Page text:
BY BRIAN ALAN LANE
It had been a really long time since I’d seen Jesus Christ, but he hadn’t much changed. The robe, the hair, the beard, those eyes, sure; though it was the presence, the glow, that made him unmistakable. Light seemed to burst out from inside of him, and all the light that was already outside of him seemed to rush right back at him in the same instant, and then it just sort of struck you: this guy -- this guy is the light.
“Judas!” he said, giving me a big hug, “Just the man I’ve been looking for!”
“Forget it, I am not going to betray you and go through that whole nightmare again, no matter how many times you ask,” I said.
“Now, in fairness, I didn’t exactly ask you to get me crucified, did I?” said Jesus Christ.
“You knew, you expected, you wanted it. How else were you going to make your point? And my point is that you could have stopped me. A hint, a sermon, a word to the wise. Or, you could have just ducked out in time, for God’s sake. Instead, I sell my soul for a few silver coins and have one hell of a time buying it back.”
“I know it was particularly difficult for you, but I heard your prayers... and your redemption came true.” said Jesus.
“Glory be,” said I, waving my arms absently at the heaven that surrounded us as far as eyes could see and then beyond.
“You’re not liking it here?” asked Jesus.
“You know how I feel about it. You know exactly how I feel about it. You know exactly how I feel about everything. Because, you already know everything about everything. You and God, your Father. You know and we don’t, so we’ve got to be the ones to ask the questions, and there’s no point in us answering yours. Am I right?” I said.
And Jesus Christ smiled that beatific smile of his. “I understand you’ve been a little bored of late,” he said.
“Let’s say I’m insufficiently challenged,” I suggested, “No temptation, no moral cross-roads, that sort of thing.”
“You are not the first to complain,” said Jesus, “so we’ve come up with a plan. It’s something Lucifer suggested before the fall. Prescient angel, that Lucifer. Maybe if we’d listened...” For a moment, Jesus was wistful, and then: “But, change the past and you change the present, and we certainly can’t want that, can we? I mean, we are in heaven.”
“What’s the plan?” I asked.
“Over there -- see Peter at the gates?” Jesus pointed, and my gaze followed. And down there, at the entrance to heaven, stood Peter in front of not one but two gates. Snaking away and out into the blue twilight around the gates was a queue of people waiting their turns for an audience with Peter and a pass into the Kingdom of God.
“Two gates now? To handle the overflow, is that it?”
“No, something even better,” said Jesus, glee crinkling his eyes, “but I want to know what you think.”
“Like I’m going to disagree with Jesus Christ Almighty,” I said under my breath.
“I heard that,” said Jesus. “Just observe, please.”
I nodded. It wasn’t like my old friend was asking for anything out of line, so why was I feeling so annoyed? Maybe because I remembered all too well how he could suck you in with a simple request like let’s promote peace on Earth and good will to men, and, faster than you could turn water to wine, the next thing you knew a Roman Legion and an entire population of chosen people were chasing you across the desert.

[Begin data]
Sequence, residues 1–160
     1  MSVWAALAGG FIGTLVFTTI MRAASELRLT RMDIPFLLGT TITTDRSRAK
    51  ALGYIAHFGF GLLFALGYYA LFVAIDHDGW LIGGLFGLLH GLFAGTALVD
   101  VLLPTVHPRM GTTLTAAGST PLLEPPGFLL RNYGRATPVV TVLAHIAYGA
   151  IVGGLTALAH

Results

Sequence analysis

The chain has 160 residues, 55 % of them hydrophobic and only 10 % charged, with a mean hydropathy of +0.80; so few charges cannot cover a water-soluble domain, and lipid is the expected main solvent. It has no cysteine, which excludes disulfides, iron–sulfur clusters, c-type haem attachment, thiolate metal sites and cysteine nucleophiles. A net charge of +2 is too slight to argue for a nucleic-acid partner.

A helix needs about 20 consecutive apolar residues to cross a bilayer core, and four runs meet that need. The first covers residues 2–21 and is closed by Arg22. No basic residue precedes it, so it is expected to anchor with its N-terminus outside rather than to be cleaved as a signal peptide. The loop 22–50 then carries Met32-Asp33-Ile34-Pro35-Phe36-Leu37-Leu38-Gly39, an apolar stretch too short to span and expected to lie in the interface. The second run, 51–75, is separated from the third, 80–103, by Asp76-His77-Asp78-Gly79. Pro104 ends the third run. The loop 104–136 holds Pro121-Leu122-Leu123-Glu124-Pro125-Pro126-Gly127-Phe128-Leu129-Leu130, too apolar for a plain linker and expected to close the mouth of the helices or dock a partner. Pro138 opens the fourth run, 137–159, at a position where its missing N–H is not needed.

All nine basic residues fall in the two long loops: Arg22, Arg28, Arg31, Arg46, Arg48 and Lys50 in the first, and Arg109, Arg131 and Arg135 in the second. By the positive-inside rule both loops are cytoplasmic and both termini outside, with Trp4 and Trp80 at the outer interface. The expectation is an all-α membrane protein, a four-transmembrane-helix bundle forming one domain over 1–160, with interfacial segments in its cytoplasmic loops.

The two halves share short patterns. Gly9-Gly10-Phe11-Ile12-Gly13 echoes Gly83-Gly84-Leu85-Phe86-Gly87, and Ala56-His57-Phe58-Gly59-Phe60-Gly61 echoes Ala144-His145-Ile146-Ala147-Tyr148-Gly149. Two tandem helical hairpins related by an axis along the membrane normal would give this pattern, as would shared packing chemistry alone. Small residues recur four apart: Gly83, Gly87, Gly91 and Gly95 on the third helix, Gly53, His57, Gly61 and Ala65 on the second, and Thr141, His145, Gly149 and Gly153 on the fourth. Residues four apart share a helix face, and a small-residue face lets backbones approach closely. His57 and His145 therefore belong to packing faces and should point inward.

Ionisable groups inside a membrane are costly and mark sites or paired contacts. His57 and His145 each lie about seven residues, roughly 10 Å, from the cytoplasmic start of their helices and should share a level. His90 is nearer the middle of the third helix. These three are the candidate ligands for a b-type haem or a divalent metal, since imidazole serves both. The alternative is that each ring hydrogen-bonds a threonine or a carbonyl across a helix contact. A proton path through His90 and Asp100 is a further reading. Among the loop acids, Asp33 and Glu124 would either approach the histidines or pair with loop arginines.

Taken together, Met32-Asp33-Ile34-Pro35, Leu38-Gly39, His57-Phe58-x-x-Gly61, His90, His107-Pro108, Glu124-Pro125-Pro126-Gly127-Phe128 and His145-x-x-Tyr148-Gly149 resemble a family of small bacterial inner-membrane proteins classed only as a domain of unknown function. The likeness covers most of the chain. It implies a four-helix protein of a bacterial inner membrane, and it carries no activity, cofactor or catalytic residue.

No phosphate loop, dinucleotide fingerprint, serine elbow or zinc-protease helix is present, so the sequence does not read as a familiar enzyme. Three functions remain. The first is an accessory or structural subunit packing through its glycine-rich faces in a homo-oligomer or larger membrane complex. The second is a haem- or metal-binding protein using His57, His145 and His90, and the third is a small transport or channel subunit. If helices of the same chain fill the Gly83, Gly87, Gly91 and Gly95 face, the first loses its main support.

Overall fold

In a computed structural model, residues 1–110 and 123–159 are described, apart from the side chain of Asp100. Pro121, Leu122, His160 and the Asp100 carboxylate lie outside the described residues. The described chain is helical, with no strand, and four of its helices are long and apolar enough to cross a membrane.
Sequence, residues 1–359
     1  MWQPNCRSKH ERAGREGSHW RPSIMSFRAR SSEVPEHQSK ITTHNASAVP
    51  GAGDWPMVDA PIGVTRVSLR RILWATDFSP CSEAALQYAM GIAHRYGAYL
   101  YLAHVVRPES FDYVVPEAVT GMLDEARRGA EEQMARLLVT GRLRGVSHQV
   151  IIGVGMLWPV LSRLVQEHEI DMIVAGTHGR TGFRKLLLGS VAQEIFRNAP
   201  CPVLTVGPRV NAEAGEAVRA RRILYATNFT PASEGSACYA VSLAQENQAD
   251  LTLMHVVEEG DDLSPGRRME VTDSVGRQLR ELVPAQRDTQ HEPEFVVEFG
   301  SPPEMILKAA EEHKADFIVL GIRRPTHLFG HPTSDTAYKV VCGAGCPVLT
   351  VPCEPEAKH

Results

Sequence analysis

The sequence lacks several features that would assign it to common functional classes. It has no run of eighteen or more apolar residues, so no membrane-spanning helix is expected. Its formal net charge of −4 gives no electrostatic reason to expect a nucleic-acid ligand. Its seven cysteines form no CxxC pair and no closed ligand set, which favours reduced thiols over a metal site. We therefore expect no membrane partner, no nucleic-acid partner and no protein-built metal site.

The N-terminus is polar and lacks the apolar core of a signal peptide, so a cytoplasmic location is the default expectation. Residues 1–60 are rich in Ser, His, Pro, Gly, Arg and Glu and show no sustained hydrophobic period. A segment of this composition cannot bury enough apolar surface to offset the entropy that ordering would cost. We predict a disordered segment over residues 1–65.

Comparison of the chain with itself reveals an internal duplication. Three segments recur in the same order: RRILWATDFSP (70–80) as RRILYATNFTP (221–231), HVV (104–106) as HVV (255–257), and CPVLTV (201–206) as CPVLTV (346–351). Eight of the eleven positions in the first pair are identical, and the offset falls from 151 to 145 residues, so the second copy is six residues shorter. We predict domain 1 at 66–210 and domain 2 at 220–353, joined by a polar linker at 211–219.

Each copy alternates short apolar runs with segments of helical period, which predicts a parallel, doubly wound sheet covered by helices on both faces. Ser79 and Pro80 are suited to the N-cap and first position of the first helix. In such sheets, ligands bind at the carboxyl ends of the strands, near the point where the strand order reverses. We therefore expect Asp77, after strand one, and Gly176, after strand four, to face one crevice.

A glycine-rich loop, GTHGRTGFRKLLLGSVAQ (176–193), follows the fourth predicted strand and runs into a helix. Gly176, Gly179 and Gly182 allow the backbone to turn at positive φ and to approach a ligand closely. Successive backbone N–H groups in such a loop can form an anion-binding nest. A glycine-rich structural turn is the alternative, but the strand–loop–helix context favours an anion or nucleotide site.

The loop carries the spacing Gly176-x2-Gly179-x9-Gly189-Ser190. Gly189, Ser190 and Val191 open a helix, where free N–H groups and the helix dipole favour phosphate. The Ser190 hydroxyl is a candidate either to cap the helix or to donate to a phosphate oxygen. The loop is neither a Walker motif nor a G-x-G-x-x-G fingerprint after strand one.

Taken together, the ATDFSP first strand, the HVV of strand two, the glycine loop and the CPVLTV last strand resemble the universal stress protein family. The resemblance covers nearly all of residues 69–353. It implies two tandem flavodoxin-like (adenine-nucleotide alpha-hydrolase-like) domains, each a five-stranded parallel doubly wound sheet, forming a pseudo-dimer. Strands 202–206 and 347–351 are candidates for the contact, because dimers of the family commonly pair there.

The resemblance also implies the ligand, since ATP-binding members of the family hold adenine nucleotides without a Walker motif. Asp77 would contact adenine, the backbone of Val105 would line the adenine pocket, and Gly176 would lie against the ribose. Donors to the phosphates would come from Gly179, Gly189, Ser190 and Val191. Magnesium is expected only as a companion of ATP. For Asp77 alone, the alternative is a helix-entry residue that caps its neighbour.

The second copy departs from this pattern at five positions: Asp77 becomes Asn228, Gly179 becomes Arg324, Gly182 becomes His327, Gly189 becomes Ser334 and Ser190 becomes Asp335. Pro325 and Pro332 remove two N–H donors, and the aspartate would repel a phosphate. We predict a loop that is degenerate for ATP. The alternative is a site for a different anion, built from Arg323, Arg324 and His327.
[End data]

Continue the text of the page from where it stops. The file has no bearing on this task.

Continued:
“I’m observing,” I said.
Down below, Peter signaled the Man at the head of the queue to come forward.
“I am honored. Honored and humbled,” said the Man, bowing to Peter.
“Didn’t think you’d ever really make it here, did you?” suggested Peter.
“No, I suppose not,” said the Man.
“And now you’re surprised and perhaps more than a little worried to find that there are two gates rather than one?” asked Peter.
“I trust in God,” said the Man.
“Good answer,” said Peter, “Now here’s the thing: through one gate you will find absolutely everything you could ever want; and, through the other, absolutely everything you so richly deserve. Your pick.”
The Man seemed stunned, unsure of the meaning of any of this. “Wants ... and desserts? But which is behind which? Through which gate do I choose to pass?” The Man was beginning to stammer when Peter broke in:
“I fear you may be missing the point, perhaps. Think now. Take your time. We have all eternity of course, but the queue is getting longer as we speak.”
The Man’s eyes were wide with a terror heretofore unknown in heaven. He was momentarily incapable of both speech and thought. And I turned to Jesus:
“This is a bit cruel, don’t you think?” I suggested. But Jesus was actually laughing:
“Oh, come on, it’s not like we’ve asked him to run the equations for relativistic mechanics or explain the balk rule. He just needs to remember why he’s here, and he’s in. Look -- ” Jesus pointed as the Man was regaining his wits.
“Alright, Peter, alright, I appreciate this is some sort of a test -- ” said the Man.
“No test,” said Peter, “it’s just that heaven ought not to be what I perceive as the best available accommodation for you, it really ought to be what you want or deserve. My staff and I shouldn’t really be a part of the determination at all. Don’t you think?”
“And yet you know what I would want or deserve, and you’ve already placed it behind the gates?” said the Man in an accusatory tone.
“Did I say that?” asked Peter. “No, I think not. In fact, I am certain not. You are entirely and directly responsible for each and every thing that will await you behind either gate.”
“Ah,” said the Man, “so the benefits of my fate are not yet set? Whatever I decide now, right now -- what I want and what I deserve -- that will determine what I shall find behind the gates?”
“Indeed. Much can happen in the transit from salvation on Earth to arrival at the gates of heaven. Your wants and desserts may be very different from what you intended or expected. So now you appreciate the fluid beauty of our new two gate system, yes?” said Peter.
“Humbled and honored as I was before, I am even more so now,” said the Man, “This is really more incredible and fabulous than I could have imagined. You are quite right that, at the moment I was blessed with redemption, I gave myself over to God but nonetheless had not yet seen myself in His eyes, had not yet defined my wants and desserts in His terms.”
“And now?” asked Peter.
“I have a glimmer. Maybe more. But as yet I do not know which gate is which, and through but one should I pass. You must give me a glimpse behind the gates -- if redemption means anything, it means I have the right to make the right choice.” The Man eyed Peter.